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Not the average rookie: Rams gauging Sam Bradford's worth ..
By Tom Pedulla, USA TODAY
EARTH CITY, Mo. — The quality that most impresses St. Louis Rams coach Steve Spagnuolo about quarterback Sam Bradford, beyond the strong arm and uncanny accuracy that helped make him the top pick in the NFL draft, is his willingness to listen.
"We had three or four meetings before the draft and I grew a deep respect for his ability to sit and listen and actually let things sink in," the second-year head coach says. "Some guys will sit there and they are thinking about what they are going to say. Sam lets it sink in and then he will come back with an intelligent answer."
Bradford's ability to process information will greatly influence whether Spagnuolo believes he is ready to start the regular-season opener against the visiting Arizona Cardinals on Sept. 12. His grasp of offensive and defensive concepts will then determine how quickly he can make an impact on a club that finished 1-15 last year. The Rams averaged a league-low 10.9 points per game.
"Especially at the quarterback position, you are really starting over in terms of understanding an offense," Bradford says. "You are going back to square one."
St. Louis, desperate for a turnaround after compiling a 6-42 record the last three years, guaranteed the 2008 Heisman Trophy winner from Oklahoma University a record $50 million in signing him to a six-year contract worth $78 million.
Bradford understands, though, that in many respects he is simply another rookie trying to find his way.
"I feel I've definitely made a lot of progress during this camp," he says. "If I continue making progress like I've been making, week by week I'll be a better football player. Hopefully, by the end of this year I will be in position to help this team win football games."
Reality check for fans with enormous expectations: Peyton Manning, four-time league MVP, went 3-13 and threw 28 interceptions as a rookie QB for the Indianapolis Colts in 1998.
Bradford showed flashes of ability after he relieved A.J. Feeley in St. Louis' preseason-opening 28-7 loss to the visiting Minnesota Vikings last Saturday night. He completed 6 of 13 passes for 57 yards. He squeezed his first completion into a tight window and later unloaded a pinpoint pass on the run, something he did often when he gunned 48 touchdown passes for the Sooners in 2008.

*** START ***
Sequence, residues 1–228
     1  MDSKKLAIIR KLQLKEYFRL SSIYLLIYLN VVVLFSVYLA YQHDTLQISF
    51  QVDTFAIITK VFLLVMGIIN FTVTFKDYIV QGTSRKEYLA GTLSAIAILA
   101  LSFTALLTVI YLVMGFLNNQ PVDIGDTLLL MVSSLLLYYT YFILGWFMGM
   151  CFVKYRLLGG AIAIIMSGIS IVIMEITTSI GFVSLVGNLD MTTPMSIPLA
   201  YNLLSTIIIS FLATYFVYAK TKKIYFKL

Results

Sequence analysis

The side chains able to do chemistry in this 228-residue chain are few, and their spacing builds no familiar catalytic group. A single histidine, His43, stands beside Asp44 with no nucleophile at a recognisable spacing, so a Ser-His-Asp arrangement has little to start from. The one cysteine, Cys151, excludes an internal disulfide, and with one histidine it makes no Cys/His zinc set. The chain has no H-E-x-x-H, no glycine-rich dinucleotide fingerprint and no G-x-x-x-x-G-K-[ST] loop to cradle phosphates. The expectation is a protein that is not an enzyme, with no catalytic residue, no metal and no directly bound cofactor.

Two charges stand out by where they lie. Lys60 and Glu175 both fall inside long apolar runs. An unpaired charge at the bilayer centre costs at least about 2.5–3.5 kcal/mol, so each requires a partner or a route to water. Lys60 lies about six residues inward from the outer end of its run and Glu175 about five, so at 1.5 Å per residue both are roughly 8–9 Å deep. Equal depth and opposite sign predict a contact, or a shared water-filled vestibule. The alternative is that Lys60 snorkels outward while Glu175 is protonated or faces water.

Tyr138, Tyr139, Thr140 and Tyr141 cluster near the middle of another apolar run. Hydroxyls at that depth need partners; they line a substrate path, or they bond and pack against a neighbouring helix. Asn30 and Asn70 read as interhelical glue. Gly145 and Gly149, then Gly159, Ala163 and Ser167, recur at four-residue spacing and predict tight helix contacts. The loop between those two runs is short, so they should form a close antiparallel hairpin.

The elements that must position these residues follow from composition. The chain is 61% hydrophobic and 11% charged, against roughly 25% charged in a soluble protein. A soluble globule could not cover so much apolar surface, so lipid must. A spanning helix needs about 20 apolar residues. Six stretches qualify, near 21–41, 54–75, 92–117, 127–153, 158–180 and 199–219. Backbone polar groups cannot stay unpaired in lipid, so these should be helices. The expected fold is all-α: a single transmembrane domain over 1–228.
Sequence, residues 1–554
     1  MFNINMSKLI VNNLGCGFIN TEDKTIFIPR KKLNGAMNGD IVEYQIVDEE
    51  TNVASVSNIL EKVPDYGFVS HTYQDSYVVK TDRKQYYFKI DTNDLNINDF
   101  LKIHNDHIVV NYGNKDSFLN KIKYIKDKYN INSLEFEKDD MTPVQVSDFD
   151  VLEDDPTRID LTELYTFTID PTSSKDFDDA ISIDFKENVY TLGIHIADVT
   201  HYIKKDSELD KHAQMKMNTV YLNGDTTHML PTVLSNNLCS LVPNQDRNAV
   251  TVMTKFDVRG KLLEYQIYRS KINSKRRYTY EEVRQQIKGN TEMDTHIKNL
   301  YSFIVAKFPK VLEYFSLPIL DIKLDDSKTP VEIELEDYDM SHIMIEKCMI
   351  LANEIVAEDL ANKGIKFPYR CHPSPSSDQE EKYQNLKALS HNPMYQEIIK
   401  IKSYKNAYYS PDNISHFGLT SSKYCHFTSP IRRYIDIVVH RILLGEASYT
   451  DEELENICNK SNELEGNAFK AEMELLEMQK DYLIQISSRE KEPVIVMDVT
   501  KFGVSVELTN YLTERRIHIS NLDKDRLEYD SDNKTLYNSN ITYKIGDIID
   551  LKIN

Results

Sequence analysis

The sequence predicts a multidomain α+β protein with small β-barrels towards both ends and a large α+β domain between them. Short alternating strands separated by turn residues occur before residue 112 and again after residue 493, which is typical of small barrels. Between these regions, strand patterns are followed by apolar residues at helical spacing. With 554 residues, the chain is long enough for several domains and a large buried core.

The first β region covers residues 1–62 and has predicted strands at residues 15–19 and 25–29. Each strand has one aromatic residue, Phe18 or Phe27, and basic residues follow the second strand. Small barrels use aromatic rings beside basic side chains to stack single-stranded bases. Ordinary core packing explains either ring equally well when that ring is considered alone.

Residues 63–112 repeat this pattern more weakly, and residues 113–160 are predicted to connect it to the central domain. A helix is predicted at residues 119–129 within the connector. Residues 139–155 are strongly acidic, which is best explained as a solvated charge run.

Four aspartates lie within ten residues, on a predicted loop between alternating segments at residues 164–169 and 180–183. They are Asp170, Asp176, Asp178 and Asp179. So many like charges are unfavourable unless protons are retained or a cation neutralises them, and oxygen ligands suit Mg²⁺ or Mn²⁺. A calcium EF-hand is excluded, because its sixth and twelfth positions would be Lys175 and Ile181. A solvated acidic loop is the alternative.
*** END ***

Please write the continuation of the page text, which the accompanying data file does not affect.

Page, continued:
There were some ragged moments as well, and he was sacked four times behind an offensive line that is as much of a project as he is.
"This will not be an easy thing," says former Dallas Cowboys personnel expert Gil Brandt of the challenges Bradford faces. "They were much better the last two years with the draft, but they are devoid of older players who should be playmakers."
The Rams lack proven offensive firepower beyond Pro Bowl running back Steven Jackson. "He has OK receivers," Brandt says. "I don't know if he has a No. 1 receiver."
For one night, at least, Bradford answered one of the biggest questions facing him after an injury to his right shoulder limited him to three games at Oklahoma last season. On one of the sacks versus Minnesota, he landed hard on his surgically-repaired shoulder.
Spagnuolo acknowledges that it made for an anxious moment — even when he watched the television replay.
"I was saying, 'Get up!' to the TV even though it wasn't live," he says. "There is always that concern, especially at that position."
Bradford (6-4, 223) used recent months to make sure he is better equipped to absorb punishment. "At this level, you need to be big, you need to be strong and able to take hits," he says. "It's something I put a focus on, putting on weight on my upper body."
When it comes to learning the offense, Bradford points to Feeley, the 10th-year veteran he is competing against for the starting job, as one of his greatest assets.
"He's been extremely helpful as far as how to handle this offense and what to expect from defenses," he says. "It would be really easy for him not to be open with me and not to want to help me. He's been the exact opposite.
"Any time I've had a question, he does more than just get me an answer. There have been times when he's come up to me and said, 'I saw this today. You might want to watch that.' Or he'll say, 'On this play, I would look here and then maybe over there.' "
Brandt emphasizes the need for the front office to continue to work to improve the supporting cast, an effort that will involve at least another offseason and possibly longer. He says of Bradford, "This is a great start for this organization. I'd be shocked if, in 12 or 13 years, people are not marveling at the career he's had."
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